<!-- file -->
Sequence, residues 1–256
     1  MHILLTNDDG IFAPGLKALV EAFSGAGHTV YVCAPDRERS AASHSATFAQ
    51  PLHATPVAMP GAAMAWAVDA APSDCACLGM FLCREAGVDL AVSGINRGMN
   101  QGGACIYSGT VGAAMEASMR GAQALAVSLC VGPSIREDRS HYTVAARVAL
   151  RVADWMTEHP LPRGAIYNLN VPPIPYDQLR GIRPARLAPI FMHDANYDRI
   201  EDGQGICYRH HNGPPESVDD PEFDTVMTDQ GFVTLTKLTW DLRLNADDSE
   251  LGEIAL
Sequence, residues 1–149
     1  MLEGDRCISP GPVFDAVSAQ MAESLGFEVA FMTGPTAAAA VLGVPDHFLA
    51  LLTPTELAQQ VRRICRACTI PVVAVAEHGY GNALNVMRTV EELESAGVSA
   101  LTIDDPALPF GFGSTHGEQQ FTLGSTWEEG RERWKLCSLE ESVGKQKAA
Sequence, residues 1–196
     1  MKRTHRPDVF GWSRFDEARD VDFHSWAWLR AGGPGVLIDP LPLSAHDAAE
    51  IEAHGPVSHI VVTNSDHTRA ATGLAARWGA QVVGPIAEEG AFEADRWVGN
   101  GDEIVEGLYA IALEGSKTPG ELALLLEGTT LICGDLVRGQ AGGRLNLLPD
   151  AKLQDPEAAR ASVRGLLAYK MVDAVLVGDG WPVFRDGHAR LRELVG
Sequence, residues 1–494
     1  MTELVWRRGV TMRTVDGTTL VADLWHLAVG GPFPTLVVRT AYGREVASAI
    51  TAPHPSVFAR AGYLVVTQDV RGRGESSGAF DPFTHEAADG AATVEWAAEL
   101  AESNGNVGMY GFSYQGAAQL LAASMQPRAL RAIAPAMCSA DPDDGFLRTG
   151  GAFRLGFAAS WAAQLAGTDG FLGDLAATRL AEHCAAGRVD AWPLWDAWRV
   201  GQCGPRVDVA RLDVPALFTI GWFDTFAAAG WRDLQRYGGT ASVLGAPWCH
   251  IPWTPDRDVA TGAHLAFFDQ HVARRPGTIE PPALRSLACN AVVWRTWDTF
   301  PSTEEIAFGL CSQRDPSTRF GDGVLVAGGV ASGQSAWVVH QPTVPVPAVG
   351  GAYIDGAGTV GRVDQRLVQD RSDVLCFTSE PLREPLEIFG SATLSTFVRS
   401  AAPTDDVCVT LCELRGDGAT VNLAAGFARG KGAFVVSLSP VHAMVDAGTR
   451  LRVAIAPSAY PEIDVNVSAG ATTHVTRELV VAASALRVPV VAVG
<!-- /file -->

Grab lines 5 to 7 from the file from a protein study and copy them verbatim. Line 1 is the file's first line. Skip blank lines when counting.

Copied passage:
   151  RVADWMTEHP LPRGAIYNLN VPPIPYDQLR GIRPARLAPI FMHDANYDRI
   201  EDGQGICYRH HNGPPESVDD PEFDTVMTDQ GFVTLTKLTW DLRLNADDSE
   251  LGEIAL